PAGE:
The retailers (Mobile Air Pte Ltd) “generously” offer to refund S$550 but as this would mean that 2 whole months of salary would be stolen from him, he refuses. He then goes down on his knees and begs them to refund the rest of his money while the staff at the outlet laughed at him.
So the police and consumer association of Singapore were called in and were only able to recoup S$400 for him. So he leaves the shop with his girlfriend S$550 poorer, with no iPhone 6, in tears, sore knees and his dream holiday now shattered.
This is NOT “ok”, this is NOT right. We are *NOT* a nation of thieves and cheats….”
That compelling argument was successful in convincing people. I told Kang that people in Vietnam did not want to help Thoai because they think that if he is a poor guy he should not spend his money on an iPhone. He was a snob. Kang answered me: “But he was still right. He used his money to buy things he wanted; he did not steal money from others or cheat people as the way the retailers did to him.”
I went back home after the nice talk with Kang. His answers made me think about the word “responsibility”. Many of us are not willing to help others because we think that it is not our responsibility. We live for ourselves more than we live for others and it is not wrong. However, if we think that then we are not worthy to ask for beautiful things to appear in this society. And we are also not worthy to ask for help from others when we are in the hour of danger.
Vo Thi My Linh
Nguyen Thi Hong was born on March 17th, 1979 in Quang Tri province, the middle of Vietnam. At 4 years old, she suffered from paralysis of her legs.In 2003, an official in her commune suggested her to join a competition in a wheelchair race organized by a district in Quang Tri province. She won a gold medal for the 3,000-meter race. Later, Hong was invited to join the national female weightlifting team, not the wheelchair racing group, in order to compete at the ASEAN Paragames. She won the gold medal in the 47kg category in Asian ParaGames 2003. She now collected more than 20 gold medals and silver medals of many international tournaments. In October 2011, Hong won a bronze medal at a weightlifting championship held in Saudi Arabia. The prize offered her a chance to compete at the Paralympics London 2012.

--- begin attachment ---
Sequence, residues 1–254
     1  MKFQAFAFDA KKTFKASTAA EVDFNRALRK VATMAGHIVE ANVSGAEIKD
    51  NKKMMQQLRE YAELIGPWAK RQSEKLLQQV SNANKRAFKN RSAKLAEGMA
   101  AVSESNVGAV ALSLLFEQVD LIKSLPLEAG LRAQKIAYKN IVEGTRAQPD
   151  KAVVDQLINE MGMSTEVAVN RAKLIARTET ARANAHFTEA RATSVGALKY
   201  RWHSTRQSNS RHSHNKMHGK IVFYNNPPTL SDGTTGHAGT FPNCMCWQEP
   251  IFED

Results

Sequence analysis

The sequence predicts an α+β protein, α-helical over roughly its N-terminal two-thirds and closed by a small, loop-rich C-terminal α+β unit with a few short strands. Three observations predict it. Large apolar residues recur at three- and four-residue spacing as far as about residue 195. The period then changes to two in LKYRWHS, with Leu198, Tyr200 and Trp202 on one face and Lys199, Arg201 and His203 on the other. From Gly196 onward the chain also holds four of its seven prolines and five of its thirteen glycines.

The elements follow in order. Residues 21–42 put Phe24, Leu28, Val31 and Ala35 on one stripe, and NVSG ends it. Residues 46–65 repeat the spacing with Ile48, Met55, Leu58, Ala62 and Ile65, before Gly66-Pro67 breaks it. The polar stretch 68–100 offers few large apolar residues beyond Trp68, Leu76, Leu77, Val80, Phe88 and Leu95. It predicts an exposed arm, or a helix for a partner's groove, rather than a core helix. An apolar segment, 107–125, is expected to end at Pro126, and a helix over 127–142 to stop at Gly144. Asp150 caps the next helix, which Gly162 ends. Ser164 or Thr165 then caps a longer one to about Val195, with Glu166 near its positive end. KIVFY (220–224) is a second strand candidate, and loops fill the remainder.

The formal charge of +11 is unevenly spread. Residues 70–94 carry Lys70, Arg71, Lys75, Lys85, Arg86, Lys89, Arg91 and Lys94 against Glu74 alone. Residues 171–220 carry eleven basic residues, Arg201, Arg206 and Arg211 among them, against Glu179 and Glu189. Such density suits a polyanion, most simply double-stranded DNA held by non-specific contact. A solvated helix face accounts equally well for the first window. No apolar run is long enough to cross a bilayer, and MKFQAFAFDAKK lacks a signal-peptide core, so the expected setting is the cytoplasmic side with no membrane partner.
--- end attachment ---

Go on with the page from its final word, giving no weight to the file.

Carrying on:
From a paralyzed woman with little education to a woman married to a kind man who dared to ignore the criticism of society, How did Mrs. Nguyen Thi Hong turn her disadvantages into strength to get here today?
I enter her house, which is small and narrow, about 16 square meters. She is there, sitting on the floor, with an appealing smile. She drags her paralyzed legs to make some tea for me. Before that, she turned to her sister and said: “Sis, finish your water and give me the cup then I can pour tea for my guest.” She has only one cup. She also has only one fan. That was why she once again turned to her sister and said, “Sis, can you try to withstand the heat of summer and give the fan for our special guest?” Then I noticed that everything in her house was single. She explained: “I am a frugal woman.” However, even if she had money to buy furniture there was no space to add anything to this house. Nevertheless, I think it is good when people use shared stuff because that can help their affection for each other grow stronger. There is only one thing which is not single here, the laughter of three people: her husband, her son and Nguyen Thi Hong. Yep, this is a house full of laughter….
“I learned how to read so I can read if anyone writes a letter to insult my father”
Being born in Quang Tri, a poor province in Vietnam, Nguyen Thi Hong suffered from paralysis of her legs. On that fateful day, her mother went to sell straw brooms and her father went to work as a tractor driver. She got a fever and when her parents got home they took her to a dispensary. However, it is too late for a cure. Her family could not afford to take her go to a big hospital. They took her to a psychic but that made her worse and her legs were paralyzed.
Spending all day in bed was killing Hong so one day she practiced how to walk. Surprisingly, she could move around in her bed and that made her parents extremely happy. However, a wheelchair was still her main way to get around. When she was 14 years old a charity foundation from America came to visit her and gave her a chance to apprentice with a tailor. One day a little boy came to her house, looked at her and said: “Hey, Hong, if I wrote something to insult your father, I would be sure that you did not know how to read it.” Those words hurt her pride and she asked the charity foundation to give her a chance to go to school instead of being a tailor.